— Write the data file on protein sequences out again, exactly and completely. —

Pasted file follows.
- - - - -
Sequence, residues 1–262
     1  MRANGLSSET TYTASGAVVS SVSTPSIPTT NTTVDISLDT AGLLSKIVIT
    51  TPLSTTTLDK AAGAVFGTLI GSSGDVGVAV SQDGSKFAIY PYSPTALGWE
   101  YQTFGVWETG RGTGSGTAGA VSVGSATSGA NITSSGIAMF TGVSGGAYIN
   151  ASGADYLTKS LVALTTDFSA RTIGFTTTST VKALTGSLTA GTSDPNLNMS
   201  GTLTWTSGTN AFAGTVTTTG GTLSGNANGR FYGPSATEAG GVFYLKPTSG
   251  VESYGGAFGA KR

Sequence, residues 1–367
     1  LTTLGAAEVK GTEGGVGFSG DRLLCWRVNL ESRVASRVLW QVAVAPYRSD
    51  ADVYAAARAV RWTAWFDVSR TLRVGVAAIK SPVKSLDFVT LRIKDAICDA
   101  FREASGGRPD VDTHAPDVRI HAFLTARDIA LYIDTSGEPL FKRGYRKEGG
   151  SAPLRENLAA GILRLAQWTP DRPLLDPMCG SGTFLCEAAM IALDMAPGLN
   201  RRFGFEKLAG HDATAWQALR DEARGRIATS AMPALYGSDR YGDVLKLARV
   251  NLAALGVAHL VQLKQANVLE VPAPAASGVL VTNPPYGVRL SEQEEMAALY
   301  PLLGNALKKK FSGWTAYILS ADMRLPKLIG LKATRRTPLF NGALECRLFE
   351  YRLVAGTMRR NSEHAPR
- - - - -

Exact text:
Sequence, residues 1–262
     1  MRANGLSSET TYTASGAVVS SVSTPSIPTT NTTVDISLDT AGLLSKIVIT
    51  TPLSTTTLDK AAGAVFGTLI GSSGDVGVAV SQDGSKFAIY PYSPTALGWE
   101  YQTFGVWETG RGTGSGTAGA VSVGSATSGA NITSSGIAMF TGVSGGAYIN
   151  ASGADYLTKS LVALTTDFSA RTIGFTTTST VKALTGSLTA GTSDPNLNMS
   201  GTLTWTSGTN AFAGTVTTTG GTLSGNANGR FYGPSATEAG GVFYLKPTSG
   251  VESYGGAFGA KR

Sequence, residues 1–367
     1  LTTLGAAEVK GTEGGVGFSG DRLLCWRVNL ESRVASRVLW QVAVAPYRSD
    51  ADVYAAARAV RWTAWFDVSR TLRVGVAAIK SPVKSLDFVT LRIKDAICDA
   101  FREASGGRPD VDTHAPDVRI HAFLTARDIA LYIDTSGEPL FKRGYRKEGG
   151  SAPLRENLAA GILRLAQWTP DRPLLDPMCG SGTFLCEAAM IALDMAPGLN
   201  RRFGFEKLAG HDATAWQALR DEARGRIATS AMPALYGSDR YGDVLKLARV
   251  NLAALGVAHL VQLKQANVLE VPAPAASGVL VTNPPYGVRL SEQEEMAALY
   301  PLLGNALKKK FSGWTAYILS ADMRLPKLIG LKATRRTPLF NGALECRLFE
   351  YRLVAGTMRR NSEHAPR